In the News

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The East Marshall Street Well Project

In 1994 during the construction of the Kontos building on East Marshall Street in Richmond, Va., a well was discovered during excavation at the northeast corner of what had been historically known as Academy Square. Human remains and artifacts were removed from the well. Although covered by the media in 1994, the discovery remained largely unaddressed until awareness of the well’s history was included in Dr. Shawn Utsey’s documentary, “Until the Well Runs Dry,” which examined the issue of grave robbing and use of black cadavers in medical education during the 19th century.

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William & Mary to Host ASWAD, with Colonial Williamsburg Foundation as a Partner

An international association devoted to the study of the African diaspora comes to Williamsburg this fall, in observance of the 400th year since the arrival of the first Africans in British North America and the origins of American slavery.

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Q&A: Robert Trent Vinson on the history, legacies of 1619

W&M News recently talked with Robert Trent Vinson, Frances L. and Edwin L. Cummings Professor of History and Africana Studies, about 1619, its significance and its part in the upcoming ASWAD conference.

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The Birthplace of American Democracy?

In August 1619, two milestone events happened in Jamestown, the first permanent colony in English North America.

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Lemon Project symposium focuses on 'Celebrating Legacies'

Continuing its powerful work in chronicling William & Mary’s history, the Lemon Project hosted its ninth annual spring symposium, “Celebrating Legacies, Constructing Futures: Four Hundred Years of Black Community and Culture,” on campus March 14-16.

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W&M Lemon Project symposium tied to 1619 anniversary

The event, titled “Celebrating Legacies, Constructing Futures: Four Hundred Years of Black Community and Culture,” will include a meeting of the Universities Studying Slavery consortium and a keynote address by Christy Coleman, chief executive officer of the American Civil War Museum, along with multiple panel discussions.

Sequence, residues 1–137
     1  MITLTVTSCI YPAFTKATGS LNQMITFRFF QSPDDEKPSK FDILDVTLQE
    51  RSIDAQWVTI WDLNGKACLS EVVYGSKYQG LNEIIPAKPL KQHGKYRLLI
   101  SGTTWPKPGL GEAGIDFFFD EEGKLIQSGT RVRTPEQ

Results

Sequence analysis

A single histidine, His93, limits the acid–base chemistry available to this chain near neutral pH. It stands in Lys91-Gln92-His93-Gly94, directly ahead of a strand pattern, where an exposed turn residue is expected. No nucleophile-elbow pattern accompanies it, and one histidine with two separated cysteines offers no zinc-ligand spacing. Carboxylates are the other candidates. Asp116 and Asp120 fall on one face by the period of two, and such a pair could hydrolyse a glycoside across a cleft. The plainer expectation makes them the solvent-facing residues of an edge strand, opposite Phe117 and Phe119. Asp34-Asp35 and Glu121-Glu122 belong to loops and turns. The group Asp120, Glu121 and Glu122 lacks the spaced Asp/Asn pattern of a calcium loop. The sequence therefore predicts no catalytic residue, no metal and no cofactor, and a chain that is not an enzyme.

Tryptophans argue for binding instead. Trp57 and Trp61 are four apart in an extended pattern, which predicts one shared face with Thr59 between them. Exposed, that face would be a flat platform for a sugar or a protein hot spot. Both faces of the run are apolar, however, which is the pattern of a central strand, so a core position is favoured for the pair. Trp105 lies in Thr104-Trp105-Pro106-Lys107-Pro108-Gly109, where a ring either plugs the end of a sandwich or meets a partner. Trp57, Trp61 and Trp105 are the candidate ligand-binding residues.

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Ideas wanted for memorial to the enslaved

A competition is being launched today to solicit conceptual ideas for a Memorial to African-Americans Enslaved by William & Mary.

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The Lemon Project: A journey of reconciliation

As the long-term Lemon Project effort prepares for the next chapter, a Board of Visitors resolution apologizes for W&M’s history of owning slaves and racial discrimination.

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Nikki Giovanni headlines Lemon Project Symposium

Giovanni, a distinguished university professor at Virginia Tech who has authored more than 27 poetry collections, urged her audience to acknowledge that the first slaves played a crucial, often ignored, part in the formation of America.

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Africans, Native Americans, and the English in 1619 Virginia

Historians discussed the arrival of the first African slaves to Virginia in 1619 and their encounters and cultural exchanges with Native Americans and English settlers. The John W. Kluge Center at the Library of Congress, the Middle Passage Project of William & Mary and the Virginia Commonwealth’s 2019 Commemoration co-hosted the symposium.

Kluge Fellow Joanne Braxton (right) with chief of Nottoway Indian Tribe of Virginia Lynette Allston. Photo by Rebecca Ann Parker.
Kluge Center Convenes Symposium on 1619's Cultural Exchange

The John W. Kluge Center at the Library of Congress will convene a symposium, titled “1619 and The Making of America,” that will bring together respected scholars to explore the intricate encounters of Africans, Europeans and native people during this significant period in America’s history.

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Upcoming Kluge Center Symposium features W&M scholars

Thomas Jefferson Award 2018 honoree Joanne Braxton, the Kluge Center’s David B. Larson Fellow in Health and Spirituality, will be joined by W&M Associate Professor Robert Trent Vinson and Cassandra Newby-Alexander Ph.D. ’92, director of the Roberts Center for African Diaspora Studies at Norfolk State University, to discuss “1619 and The Making of America.” This free, public event is Feb. 23 at the Library of Congress’ Thomas Jefferson Building in Washington, D.C.

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African Burial Ground Project: paradigm for cooperation?

"15,000 ancestors of African-America left their whole bodies to mark time for nearly 300 years. The discovery of this burial ground in downtown Manhattan materially confronted us with a decision: whether to realize our capacity to disregard these remains, sanctify them, or restore their stories to memory, whichever advocacy was the most powerful."